Irimari: The adventurous new Sunrise built for fun
by Cecile Gauert
Cruising along the southern Turkish coast, with the Taurus mountains in the background, superyacht Irimari seems perfectly at home. Like those impressive peaks rising imperiously inland, the 63 metre yacht is a towering structure, the master of all she surveys.
And there are other qualities she shares with the local terrain. "Irimari is steady like a rock,” her captain Heimo Tauern noted after returning from the first sea trials, which took place just a few miles offshore, “even empty and without the stabilisers.”
Irimari’s maiden voyage through the Rhodes Canal confirmed his assessments. “Even with three-metre waves on her nose, she travels quiet and sturdy,” he says. Swells are no trouble at all and she smoothly reaches a top speed of 16.5 knots.
Irimari is an impressive vessel with six decks (including the tank deck) and a gross tonnage of more than 1,463. The steel-hulled yacht, with its aluminium superstructure supporting large expanses of glass, displaces 1,170 tonnes fully loaded.
Exterior design is by Espen Øino, who, from the groundbreaking superyacht Skat of more than a decade ago to the recent Ester III, both built at Lürssen, does show an affinity for the bold and the bountiful. The designer is quick to point out that all the vessels his studio has produced look different. He is, after all, also known for the slippery AeroCruisers, built at Danish Yachts, and the slim arrows of SilverYachts. But he admits that he’s particularly fond of Irimari’s styling. “These are lines I like,” he says. “I very much like these ample glass surfaces and beautiful views from inside.”
Tauern, who also served as the build captain, provided input that resulted in several changes to luxury yacht Irimari’s exterior. While a captain’s practical sense may not always mesh with a designer’s artistic vision, the collaboration worked. “[Øino] listened to me carefully, which is impressive enough,” says the captain.
Most of the requests Tauern made had to do with the yacht’s operations. “On my suggestion, Irimari was realised with wing stations for the bridge and wing stations for the anchor crew, a small gangboard on the stern, a fixed foremast and — well, this part Espen didn’t like at all — two TV domes fitted on the wheelhouse roof,” Tauern says. He also proposed making the guest cabin layout a bit more flexible so two of the cabins could convert into one large suite.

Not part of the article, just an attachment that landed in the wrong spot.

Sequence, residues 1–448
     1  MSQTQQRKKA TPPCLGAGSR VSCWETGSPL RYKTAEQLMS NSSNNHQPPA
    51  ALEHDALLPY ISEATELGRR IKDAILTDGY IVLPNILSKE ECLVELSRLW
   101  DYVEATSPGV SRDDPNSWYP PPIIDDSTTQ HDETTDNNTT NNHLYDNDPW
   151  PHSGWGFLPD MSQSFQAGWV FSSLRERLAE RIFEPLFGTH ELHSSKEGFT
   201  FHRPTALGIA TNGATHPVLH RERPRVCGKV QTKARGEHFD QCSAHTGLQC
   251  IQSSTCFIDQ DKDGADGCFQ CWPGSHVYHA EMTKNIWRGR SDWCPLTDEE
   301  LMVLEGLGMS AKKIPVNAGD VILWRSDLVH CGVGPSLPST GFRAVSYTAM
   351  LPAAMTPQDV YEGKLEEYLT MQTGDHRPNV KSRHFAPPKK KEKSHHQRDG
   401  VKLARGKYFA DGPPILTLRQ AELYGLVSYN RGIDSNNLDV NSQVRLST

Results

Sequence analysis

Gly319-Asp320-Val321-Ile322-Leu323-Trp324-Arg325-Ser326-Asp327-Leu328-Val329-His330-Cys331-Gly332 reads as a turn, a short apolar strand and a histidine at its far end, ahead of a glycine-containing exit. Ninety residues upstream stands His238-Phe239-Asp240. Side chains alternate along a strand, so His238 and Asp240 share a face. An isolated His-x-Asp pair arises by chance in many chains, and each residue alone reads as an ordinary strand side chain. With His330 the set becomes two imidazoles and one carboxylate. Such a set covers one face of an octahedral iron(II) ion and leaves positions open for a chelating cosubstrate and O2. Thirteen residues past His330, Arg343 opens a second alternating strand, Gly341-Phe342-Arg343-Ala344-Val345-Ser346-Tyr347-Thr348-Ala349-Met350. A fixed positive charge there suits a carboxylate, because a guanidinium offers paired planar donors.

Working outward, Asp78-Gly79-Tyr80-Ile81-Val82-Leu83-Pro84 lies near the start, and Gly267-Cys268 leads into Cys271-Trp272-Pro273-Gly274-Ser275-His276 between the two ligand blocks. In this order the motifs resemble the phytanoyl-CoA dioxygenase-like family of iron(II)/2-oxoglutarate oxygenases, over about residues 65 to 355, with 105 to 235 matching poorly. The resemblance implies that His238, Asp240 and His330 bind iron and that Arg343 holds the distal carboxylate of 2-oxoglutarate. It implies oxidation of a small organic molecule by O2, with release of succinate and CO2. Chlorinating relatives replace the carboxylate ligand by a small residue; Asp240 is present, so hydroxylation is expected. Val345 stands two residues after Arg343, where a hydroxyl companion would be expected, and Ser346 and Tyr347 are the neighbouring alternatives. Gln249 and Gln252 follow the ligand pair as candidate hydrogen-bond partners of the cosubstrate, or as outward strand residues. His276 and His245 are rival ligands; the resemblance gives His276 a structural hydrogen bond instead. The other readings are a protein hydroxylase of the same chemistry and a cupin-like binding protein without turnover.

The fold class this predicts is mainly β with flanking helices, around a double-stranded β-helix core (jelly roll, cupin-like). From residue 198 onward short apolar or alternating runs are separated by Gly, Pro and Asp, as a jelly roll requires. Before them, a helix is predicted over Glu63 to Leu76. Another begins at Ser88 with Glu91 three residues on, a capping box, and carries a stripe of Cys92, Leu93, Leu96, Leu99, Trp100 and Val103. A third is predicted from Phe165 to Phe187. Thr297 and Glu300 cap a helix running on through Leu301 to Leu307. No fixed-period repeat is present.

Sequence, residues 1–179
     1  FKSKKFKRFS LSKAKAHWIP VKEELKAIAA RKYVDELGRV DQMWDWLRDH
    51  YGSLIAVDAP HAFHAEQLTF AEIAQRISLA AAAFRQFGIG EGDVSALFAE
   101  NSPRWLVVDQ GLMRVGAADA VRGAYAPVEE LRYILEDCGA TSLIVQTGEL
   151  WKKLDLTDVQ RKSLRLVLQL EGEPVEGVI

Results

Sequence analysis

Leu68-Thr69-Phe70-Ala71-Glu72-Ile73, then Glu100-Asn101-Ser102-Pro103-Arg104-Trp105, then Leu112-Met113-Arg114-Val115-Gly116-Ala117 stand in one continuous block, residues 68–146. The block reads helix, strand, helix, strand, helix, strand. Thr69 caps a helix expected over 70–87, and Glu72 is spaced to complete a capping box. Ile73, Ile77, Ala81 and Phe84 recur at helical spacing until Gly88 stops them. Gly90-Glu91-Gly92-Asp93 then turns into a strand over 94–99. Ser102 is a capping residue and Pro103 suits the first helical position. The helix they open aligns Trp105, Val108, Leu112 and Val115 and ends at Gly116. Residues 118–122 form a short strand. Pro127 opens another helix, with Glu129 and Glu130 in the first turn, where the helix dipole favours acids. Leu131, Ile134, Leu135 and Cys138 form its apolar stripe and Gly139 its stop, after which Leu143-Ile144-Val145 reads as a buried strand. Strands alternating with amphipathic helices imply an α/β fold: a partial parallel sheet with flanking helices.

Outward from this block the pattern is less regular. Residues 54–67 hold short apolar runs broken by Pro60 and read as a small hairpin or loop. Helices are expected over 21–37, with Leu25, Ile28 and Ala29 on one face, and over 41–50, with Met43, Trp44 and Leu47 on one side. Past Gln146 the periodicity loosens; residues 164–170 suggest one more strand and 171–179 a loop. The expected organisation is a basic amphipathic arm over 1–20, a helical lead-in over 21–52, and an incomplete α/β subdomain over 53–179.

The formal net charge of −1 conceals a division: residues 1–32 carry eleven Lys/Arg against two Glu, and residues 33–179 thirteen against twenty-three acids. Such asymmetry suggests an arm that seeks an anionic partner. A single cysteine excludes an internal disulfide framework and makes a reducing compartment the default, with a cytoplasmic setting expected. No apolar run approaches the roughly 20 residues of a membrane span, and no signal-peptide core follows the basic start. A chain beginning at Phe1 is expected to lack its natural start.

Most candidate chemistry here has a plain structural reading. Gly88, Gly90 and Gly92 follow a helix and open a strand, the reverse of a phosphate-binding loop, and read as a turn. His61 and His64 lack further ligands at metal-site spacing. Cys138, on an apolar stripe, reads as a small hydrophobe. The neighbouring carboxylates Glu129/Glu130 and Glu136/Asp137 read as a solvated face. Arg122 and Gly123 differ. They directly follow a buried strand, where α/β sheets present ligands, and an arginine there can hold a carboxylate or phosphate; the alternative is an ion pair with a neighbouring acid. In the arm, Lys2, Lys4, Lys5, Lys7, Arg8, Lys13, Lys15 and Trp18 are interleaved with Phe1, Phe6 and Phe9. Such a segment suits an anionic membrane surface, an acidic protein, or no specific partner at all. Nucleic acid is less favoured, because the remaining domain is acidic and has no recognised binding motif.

It may be that the two big domes installed on the forward section of the superstructure were unavoidable. Irimari’s owner, who’s had yachts before, loves spending time on board; quick jaunts to shore for lunch or to seek entertainment are not his style. Once aboard, he stays on board. Consequently, he appreciated the abundant space the design afforded, allowing him to create a high-tech games room and an up-to-date onboard cinema lounge featuring a 90-inch screen.
And since Irimari feels like a ship, he wanted her to sound like one, too. Herbert Baum, co-founder of Sunrise Yachts, pointed out the air horn compressor on the gleaming two-level engine room as he showed me around a few weeks before her delivery. “I was sitting in my office one day when I heard what I thought was a cruise ship. Then I realised, it was Irimari!” he says. The impressive and harmonious sound comes from a five-trumpet F-3 Chimetone air horn, made in Wisconsin by Kahlenberg.
The advantage of seeing a yacht before every hatch and panel has been placed and sealed is the ability to assess the care that the build team has taken with details seldom seen once the boat is finished. And Baum delighted in showing off the undersides of Irirmari - Sunrise’s largest and most technologically advanced yacht to date - the trays with the perfectly aligned wires running through them; the polished chrome finishes; the sturdy doors and hatches; the fully painted compartments housing the watermakers or the firefighting equipment...
Irimari will be well suited as a yacht for charter, with her professional-grade galley, practical clamshell doors for outside deliveries, extensive food and wine storage (aboard is a refrigerator each for red, white and sparkling wines) and a professional laundry with adjacent linen cupboard, among many other well thought-out features.
The yacht’s massive transom door doubles as one of the best superyacht beach clubs. Side doors on Irimari reveal housing for the 8.5-metre custom tender in the port-side garage, and the workout area adjacent to the steam room on the starboard side. All the decks, from the beach club to the sundeck (about 685 square metres in total), are expertly finished with a synthetic material by Bolidt that mimics teak, as on many cruise ships